Happy National Pink Day!
When conducting research for this article, I came across a definition of National Pink Day by Calendarr.com describing June 23rd as a celebration of the color “and everything it represents.” Namely, “femininity, softness, childhood and the romantic.” All of those things deserve to be celebrated in their own right, but as our society continues to question the validity of certain cultural structures, I couldn’t help but ponder the historical ties between the color pink and gendered notions of femininity.
We live in a society that has taught us to view blue and pink as opposites of each other, representing the divide between male and femaleness. Even before birth, the color pink is used to identify children’s place within the binary, and this association between pink and femininity has stretched far beyond babies. Clothes, books, cars, and even hygiene products are marketed to certain demographics relying on the presumption that pink = girl, yet the suggestion of pink as a “girly color” is a relatively modern idea.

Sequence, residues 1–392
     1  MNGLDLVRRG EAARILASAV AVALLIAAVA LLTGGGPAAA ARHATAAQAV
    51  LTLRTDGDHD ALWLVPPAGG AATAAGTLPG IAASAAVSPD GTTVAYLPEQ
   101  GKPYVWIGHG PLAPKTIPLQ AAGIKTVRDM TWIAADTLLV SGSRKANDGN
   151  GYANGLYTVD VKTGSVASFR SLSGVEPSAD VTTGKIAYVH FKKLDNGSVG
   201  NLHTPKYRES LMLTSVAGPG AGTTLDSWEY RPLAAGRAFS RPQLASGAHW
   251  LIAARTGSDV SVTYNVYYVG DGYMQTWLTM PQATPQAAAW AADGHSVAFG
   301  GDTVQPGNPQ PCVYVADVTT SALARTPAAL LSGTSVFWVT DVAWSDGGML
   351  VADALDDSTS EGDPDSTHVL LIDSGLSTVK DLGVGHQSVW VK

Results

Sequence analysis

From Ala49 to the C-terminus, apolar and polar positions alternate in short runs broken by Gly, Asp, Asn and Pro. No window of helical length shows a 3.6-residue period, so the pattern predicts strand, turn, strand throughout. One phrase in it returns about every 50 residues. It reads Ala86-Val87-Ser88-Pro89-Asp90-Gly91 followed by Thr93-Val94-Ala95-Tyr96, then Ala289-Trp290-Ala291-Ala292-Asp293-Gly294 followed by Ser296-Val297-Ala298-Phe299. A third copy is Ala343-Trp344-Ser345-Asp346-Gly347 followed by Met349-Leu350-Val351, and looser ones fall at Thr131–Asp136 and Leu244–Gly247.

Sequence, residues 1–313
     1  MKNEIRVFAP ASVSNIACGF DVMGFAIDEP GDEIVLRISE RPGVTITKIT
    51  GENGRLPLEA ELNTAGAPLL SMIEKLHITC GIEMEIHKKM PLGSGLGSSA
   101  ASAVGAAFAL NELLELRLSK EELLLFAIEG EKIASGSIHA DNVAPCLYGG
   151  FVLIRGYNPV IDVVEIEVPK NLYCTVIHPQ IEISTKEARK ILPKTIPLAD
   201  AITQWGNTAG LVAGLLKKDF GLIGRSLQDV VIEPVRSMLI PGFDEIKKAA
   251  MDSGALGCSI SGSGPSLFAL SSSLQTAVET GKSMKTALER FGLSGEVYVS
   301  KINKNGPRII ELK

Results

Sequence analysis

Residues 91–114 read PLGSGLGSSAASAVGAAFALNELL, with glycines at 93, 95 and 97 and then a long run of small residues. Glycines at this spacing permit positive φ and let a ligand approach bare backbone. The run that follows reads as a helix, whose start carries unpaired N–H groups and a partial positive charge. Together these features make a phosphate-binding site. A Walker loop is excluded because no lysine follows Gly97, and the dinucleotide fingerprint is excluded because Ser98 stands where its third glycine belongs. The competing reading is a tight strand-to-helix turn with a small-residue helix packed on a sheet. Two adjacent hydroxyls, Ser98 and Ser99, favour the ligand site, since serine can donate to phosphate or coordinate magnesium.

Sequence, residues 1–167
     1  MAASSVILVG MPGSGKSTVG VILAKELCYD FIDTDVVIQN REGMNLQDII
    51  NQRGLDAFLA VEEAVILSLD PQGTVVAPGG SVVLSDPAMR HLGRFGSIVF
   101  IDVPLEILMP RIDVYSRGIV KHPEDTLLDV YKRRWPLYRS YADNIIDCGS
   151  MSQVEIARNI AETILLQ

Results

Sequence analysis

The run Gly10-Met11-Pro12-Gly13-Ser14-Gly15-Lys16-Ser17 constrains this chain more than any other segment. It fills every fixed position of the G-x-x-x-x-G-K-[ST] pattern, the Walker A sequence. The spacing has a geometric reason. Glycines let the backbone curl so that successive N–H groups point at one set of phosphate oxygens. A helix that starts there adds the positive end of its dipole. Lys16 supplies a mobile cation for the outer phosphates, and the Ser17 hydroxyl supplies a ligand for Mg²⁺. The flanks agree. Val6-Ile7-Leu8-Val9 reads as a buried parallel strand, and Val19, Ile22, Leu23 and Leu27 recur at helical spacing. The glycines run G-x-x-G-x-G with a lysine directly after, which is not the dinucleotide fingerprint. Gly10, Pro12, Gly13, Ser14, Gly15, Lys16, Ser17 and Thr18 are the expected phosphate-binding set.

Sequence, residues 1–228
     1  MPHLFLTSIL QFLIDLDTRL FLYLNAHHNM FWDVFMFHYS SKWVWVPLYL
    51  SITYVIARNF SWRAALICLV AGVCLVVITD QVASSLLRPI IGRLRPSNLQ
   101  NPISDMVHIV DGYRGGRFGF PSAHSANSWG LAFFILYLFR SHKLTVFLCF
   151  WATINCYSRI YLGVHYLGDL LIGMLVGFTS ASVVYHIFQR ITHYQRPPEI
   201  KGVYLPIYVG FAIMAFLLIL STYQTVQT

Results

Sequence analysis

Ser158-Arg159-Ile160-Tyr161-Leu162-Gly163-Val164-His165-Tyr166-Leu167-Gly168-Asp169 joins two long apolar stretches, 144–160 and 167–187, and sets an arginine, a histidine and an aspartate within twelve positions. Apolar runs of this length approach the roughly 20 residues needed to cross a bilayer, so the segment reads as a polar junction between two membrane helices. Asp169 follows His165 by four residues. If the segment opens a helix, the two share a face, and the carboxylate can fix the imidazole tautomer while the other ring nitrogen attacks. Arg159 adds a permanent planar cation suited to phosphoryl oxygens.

It wasn’t until the late 1800s that manufacturers began to gender items of clothing using blues and pinks. Similarly, the target gender between the colors was fairly interchangeable. Up until the 1920’s, there was little to no contention regarding the division of pinks and blues between boys and girls. In fact, for a long time, pink was widely associated with masculinity due to its connection to the strength-symbolizing color, red. What does this mean for us in 2021? In her article for CNN, “The complicated gender history of pink,” Puja Bhattacharjee writes about the antiquated and inconsistent upkeep of this construct and the ways that the cultural reading of the color pink has influenced gender relations to this day.
On National Pink Day, I hope that we can celebrate pink for all that it symbolizes in an inclusive society. May we all celebrate the joy, romanticism, and glee evoked by this beautiful color as we continue to evaluate the makings of the world around us.
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